The largest study to date launched to analyse the genetics of prostate cancer has unlocked 80 new drug targets, opening up a broad range of avenues for the design of new treatments.

An international team of researchers based at the Institute of Cancer Research in London got to work in harvesting the genetic information of 112 men with prostate cancer and combined it with data from a range of other studies. In all, samples from 930 patients were used. The results of the study have been published in the journal Nature Genetics

Thanks to the continuing improvement of technology, the task of extracting data has become far quicker and cheaper. Alongside this, the tools available for handling large datasets has also improved.

However, although a lot of advances have been made in understanding and treating prostate cancer, stumbling blocks do still remain. Study leader, Professor Rosalind Eeles, explained, “One of the challenges we face in cancer research is the complexity of the disease and the sheer number of ways we could potentially treat it.”

Dr. Justin Alford, of Cancer Research U.K., outlines another difficulty in intervening in prostate cancer. She added, “A major hurdle to making further progress against prostate cancer is the lack of ways to accurately predict how a person’s disease will progress, making it challenging to know which treatment is best for each patient.”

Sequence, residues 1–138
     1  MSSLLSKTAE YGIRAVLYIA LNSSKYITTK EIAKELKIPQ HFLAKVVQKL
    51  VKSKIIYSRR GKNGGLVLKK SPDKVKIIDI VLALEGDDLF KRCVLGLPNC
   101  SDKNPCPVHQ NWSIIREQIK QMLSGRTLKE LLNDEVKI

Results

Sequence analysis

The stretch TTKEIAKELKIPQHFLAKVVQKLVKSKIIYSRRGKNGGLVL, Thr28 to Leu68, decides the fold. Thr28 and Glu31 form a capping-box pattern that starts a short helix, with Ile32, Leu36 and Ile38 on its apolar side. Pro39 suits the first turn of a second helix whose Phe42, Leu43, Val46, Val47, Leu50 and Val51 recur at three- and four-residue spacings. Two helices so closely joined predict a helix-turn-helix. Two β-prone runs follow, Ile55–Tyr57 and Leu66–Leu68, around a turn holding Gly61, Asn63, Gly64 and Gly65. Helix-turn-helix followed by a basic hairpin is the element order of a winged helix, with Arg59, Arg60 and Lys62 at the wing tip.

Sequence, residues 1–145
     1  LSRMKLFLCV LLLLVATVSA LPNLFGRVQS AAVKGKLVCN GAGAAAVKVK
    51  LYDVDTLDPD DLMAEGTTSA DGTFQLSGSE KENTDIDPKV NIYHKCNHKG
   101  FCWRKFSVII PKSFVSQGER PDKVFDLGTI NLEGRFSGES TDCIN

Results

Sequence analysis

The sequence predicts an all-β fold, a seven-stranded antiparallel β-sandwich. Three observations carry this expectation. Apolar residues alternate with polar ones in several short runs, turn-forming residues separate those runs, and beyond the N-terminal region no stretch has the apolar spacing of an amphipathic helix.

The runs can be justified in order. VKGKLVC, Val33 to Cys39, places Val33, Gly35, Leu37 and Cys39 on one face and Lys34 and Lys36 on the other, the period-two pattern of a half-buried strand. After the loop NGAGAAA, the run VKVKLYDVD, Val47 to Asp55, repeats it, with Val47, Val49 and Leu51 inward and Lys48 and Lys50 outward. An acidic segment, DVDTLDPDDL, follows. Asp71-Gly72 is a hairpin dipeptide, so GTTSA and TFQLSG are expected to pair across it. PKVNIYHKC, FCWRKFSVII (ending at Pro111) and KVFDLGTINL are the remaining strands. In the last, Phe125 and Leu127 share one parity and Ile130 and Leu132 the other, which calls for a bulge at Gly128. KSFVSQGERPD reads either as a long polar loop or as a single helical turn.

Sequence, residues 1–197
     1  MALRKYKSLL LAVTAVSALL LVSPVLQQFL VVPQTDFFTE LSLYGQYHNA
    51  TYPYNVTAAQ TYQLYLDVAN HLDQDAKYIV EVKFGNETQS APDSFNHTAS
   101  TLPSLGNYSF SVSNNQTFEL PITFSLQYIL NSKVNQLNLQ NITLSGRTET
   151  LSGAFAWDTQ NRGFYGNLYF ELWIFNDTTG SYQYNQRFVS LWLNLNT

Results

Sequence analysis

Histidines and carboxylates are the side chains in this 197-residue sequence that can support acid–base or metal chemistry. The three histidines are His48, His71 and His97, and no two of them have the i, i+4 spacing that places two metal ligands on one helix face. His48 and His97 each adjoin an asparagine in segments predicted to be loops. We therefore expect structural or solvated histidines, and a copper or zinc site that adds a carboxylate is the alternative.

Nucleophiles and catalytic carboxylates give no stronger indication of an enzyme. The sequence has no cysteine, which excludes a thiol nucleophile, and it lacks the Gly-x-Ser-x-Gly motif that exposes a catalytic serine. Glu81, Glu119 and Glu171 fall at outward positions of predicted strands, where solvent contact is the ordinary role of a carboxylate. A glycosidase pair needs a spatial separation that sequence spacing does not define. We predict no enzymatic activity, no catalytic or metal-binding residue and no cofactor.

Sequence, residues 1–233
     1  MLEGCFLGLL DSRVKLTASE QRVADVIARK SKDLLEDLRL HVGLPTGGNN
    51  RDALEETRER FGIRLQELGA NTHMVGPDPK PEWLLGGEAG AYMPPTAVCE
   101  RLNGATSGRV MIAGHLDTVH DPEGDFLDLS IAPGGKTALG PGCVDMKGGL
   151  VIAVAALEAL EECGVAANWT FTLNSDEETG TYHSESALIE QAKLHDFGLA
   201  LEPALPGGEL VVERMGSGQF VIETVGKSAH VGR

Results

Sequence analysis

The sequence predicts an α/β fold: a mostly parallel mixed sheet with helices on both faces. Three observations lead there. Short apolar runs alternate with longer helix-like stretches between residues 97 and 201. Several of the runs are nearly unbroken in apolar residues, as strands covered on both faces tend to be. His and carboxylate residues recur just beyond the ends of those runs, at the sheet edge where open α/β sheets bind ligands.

Once they were able to understand which genes were involved, they began creating a map of the proteins that are coded by these genes. After which they then turned to the database, canSAR, which combines data from studies, applies machine learning and helps to provide insight into drug discovery. The scientists found that 80 of the proteins that they had uncovered were potential drug targets. Of these, 11 were targeted by existing drugs, and seven other could be targeted by drugs already in clinical trials. 

Co-author, Professor Paul Workman, said of the new possibilities created by the study, “This study has uncovered a remarkably large number of new genes that drive the development of prostate cancer, and given us vital information about how to exploit the biology of the disease to find potential new treatments.”

He hopes that this work will “stimulate a wave of new research into the genetic changes and potential drug targets [they] have identified, with the aim that patients should benefit as soon as possible.”

Another challenge surrounding prostate cancer treatments right now is the way that the disease progresses differently in each individual. This makes it much more difficult to decide which treatment options are best suited to each patient. 

Dr. Alford hopes that “by greatly enhancing our understanding of the genetics behind the disease in the future, this knowledge could help doctors better tailor treatments to an individual’s cancer, and hopefully see more people survive their disease.”

Although we are still very much in the early stages of such developments, the next generation of findings may well be transformative to the field.